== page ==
Rev. Mansfield served as President and Principal of the school. Elizabeth Mansfield, his wife, taught history and Nyack’s famous composer, Grenville Wilson, taught piano. Opened as the Rockland Female Institute in 1856, the school had magnificent riverfront views from all four floors with wide-sweeping lawns. In 1872, Mansfield refurbished the riverfront school, now called the Rockland Institute, adding several cottages for families who wished to live on site. The school was located approximately at the end of Glen Byron Street in South Nyack.
Other Developers Cited
John A. Tallman completed two new houses on his property at cost of about $10K. Robert Currie built four houses in South Nyack. The Currie home was a large estate on the north side of the Rockland Institute. D. D. Demarest, residing in a large riverfront house on Gedney Street, and owner of much of the open property in Nyack west of Broadway between 1st and 5th Avenues, sold lots on what had been the old Tallman farm and orchard.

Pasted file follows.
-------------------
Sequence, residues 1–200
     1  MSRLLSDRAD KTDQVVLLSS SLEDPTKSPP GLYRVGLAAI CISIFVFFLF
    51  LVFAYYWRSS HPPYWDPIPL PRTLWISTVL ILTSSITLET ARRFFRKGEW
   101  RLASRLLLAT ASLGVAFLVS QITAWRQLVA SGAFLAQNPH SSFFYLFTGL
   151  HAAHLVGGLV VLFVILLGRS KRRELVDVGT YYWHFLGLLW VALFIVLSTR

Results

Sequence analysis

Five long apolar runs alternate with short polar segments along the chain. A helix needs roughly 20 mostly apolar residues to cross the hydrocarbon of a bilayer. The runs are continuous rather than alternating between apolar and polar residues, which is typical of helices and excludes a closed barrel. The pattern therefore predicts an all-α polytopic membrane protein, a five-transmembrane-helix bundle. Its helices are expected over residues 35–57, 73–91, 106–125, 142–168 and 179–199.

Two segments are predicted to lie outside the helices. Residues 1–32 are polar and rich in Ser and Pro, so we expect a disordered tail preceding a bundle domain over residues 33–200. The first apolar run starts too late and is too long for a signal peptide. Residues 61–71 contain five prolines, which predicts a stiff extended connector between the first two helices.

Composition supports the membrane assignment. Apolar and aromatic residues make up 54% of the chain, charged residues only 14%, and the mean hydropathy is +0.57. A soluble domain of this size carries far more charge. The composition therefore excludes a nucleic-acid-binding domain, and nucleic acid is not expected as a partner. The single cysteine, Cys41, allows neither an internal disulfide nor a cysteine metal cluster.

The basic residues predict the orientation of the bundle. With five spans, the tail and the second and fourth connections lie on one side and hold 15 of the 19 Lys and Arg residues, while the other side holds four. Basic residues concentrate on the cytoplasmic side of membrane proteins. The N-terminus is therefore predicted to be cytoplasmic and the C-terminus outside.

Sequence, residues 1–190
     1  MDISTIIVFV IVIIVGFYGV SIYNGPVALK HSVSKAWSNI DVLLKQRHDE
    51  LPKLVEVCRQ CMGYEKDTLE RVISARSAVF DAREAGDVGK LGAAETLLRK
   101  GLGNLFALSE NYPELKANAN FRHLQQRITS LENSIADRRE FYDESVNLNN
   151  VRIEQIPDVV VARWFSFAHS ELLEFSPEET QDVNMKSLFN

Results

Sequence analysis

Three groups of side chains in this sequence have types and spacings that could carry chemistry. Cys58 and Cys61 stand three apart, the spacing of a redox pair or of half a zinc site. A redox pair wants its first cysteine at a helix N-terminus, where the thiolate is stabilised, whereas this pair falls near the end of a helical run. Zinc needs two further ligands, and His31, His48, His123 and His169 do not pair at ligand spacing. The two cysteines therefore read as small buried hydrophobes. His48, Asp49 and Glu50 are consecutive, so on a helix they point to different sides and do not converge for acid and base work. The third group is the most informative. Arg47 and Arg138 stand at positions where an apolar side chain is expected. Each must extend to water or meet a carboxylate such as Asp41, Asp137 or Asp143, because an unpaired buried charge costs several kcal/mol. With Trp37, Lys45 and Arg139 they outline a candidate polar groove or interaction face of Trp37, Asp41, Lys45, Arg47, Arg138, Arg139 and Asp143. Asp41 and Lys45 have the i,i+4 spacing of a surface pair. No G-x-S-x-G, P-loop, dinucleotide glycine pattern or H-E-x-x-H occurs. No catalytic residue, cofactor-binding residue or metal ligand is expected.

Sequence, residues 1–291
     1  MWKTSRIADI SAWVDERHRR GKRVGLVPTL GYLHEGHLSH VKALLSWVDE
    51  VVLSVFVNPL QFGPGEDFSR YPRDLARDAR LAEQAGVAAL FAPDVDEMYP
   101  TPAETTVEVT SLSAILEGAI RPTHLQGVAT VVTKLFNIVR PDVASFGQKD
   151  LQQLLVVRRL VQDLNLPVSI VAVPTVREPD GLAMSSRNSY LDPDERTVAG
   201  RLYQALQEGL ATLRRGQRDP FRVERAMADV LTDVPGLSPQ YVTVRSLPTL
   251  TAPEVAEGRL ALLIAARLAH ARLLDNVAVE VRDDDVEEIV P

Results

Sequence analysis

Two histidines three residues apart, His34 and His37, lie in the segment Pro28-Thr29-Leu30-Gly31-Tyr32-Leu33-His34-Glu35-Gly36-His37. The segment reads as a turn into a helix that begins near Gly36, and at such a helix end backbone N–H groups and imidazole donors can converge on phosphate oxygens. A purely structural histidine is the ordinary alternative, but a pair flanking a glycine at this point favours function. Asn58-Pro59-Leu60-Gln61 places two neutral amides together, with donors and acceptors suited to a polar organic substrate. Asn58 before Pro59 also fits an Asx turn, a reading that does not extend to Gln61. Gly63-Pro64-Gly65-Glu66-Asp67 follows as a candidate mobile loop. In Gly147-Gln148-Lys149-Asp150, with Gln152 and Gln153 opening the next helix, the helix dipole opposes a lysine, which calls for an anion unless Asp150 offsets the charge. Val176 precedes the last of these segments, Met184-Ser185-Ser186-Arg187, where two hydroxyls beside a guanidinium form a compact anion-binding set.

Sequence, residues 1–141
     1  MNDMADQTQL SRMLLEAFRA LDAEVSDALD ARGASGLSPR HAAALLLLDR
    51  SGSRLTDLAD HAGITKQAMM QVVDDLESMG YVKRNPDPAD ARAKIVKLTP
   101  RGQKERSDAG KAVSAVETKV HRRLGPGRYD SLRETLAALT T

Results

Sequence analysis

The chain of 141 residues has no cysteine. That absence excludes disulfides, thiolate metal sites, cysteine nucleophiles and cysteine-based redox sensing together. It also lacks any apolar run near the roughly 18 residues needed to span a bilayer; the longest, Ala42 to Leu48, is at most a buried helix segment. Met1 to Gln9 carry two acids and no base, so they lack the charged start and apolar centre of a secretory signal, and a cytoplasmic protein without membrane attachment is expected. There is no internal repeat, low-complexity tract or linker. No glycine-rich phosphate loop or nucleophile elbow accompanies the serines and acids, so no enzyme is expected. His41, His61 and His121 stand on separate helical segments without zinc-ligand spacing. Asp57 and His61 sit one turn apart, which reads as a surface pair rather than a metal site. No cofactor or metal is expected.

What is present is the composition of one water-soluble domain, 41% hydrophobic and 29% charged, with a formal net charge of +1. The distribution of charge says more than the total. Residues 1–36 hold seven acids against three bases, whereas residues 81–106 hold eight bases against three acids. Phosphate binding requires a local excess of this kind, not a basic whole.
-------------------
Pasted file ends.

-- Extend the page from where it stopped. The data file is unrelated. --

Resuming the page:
Hazard and Gesner sold lots near the toll gate on the Nyack Turnpike, now Route 59 near the Nyack Rural Cemetery. West Nyack, as Central Nyack was then called, was just being opened to subdivided lots and new houses.
The Commercial Building, Largest Building In Downtown Nyack
D. J. Blauvelt erected a four-story mansard roofed commercial building on the corner of Burd St. with retail floor level shop entrances at 12-14 South Broadway. The building towered over Nyack until its neighbor, the six-floor building now housing the Pickwick Book Store appeared many years later. The ground floor of the new building held the Rockland County National Bank. The second floor contained offices for real estate agents and insurers, the third floor, the office of the Rockland County Journal and the YMCA, and the fourth held a Masonic lodge and the Odd Fellows Hall.